The acquisition and localization of desired sounds is essential in a broad range of acoustical applications, such as surveillance, security monitoring, heath-care monitoring, video-conferencing systems. The desired sounds that are received by an acoustic sensor are degraded by room reverberation, background noise, and other interferences. This degradation may lead to total unintelligibility of the desired sounds (speech and audio) and decreases the performance of automatic speech recognition systems. Therefore, Acoustic Signal Processing (ASP) techniques that capture desired sounds or their source locations from low-quality signals are of major importance. While state-of-the-art ASP algorithms are able to reduce noise, the development of practical algorithms that can eliminate the degradations caused by reverberation in a noisy environment have not yet emerged. Furthermore, it should be noted that many, if not all, existing ASP techniques fail completely or experience a dramatically reduced performance when noise and reverberation are present. The main objective of this project is to develop advanced ASP algorithms that will allow the capture of desired sounds and their source locations in strongly adverse environments. We anticipate that this objective can be achieved by using distributed acoustic sensors and sensor arrays that measure the sound pressure, as well as the particle velocity. In addition, we propose to exploit statistical room acoustic theory in the development of advanced ASP algorithms.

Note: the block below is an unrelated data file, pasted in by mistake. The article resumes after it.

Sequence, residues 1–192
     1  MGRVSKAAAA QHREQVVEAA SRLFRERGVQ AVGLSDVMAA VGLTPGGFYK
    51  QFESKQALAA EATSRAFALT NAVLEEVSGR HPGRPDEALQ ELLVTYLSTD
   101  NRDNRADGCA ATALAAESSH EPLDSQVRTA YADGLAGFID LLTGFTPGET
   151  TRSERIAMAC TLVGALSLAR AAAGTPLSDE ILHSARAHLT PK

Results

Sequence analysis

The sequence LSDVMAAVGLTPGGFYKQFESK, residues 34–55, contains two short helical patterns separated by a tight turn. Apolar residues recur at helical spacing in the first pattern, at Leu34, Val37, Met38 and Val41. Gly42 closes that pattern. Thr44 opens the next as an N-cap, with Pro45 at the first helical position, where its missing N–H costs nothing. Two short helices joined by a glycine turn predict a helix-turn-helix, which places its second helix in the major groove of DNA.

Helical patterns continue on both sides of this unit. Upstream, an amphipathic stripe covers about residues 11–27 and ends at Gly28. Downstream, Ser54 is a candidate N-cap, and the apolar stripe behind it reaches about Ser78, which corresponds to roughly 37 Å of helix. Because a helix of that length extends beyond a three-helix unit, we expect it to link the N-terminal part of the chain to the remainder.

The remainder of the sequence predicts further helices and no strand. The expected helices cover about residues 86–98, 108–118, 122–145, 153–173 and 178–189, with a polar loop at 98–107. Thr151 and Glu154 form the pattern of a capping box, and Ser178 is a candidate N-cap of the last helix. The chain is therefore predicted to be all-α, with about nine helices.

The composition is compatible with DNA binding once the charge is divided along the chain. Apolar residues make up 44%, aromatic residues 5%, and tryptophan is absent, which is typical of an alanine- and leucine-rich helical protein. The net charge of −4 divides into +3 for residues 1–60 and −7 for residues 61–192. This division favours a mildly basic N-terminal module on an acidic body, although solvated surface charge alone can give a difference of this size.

Fields of science
- natural sciencesphysical sciencesacoustics
- engineering and technologyelectrical engineering, electronic engineering, information engineeringelectronic engineeringsignal processing
- engineering and technologyelectrical engineering, electronic engineering, information engineeringelectronic engineeringsensors
- humanitieslanguages and literaturelinguisticsphonetics
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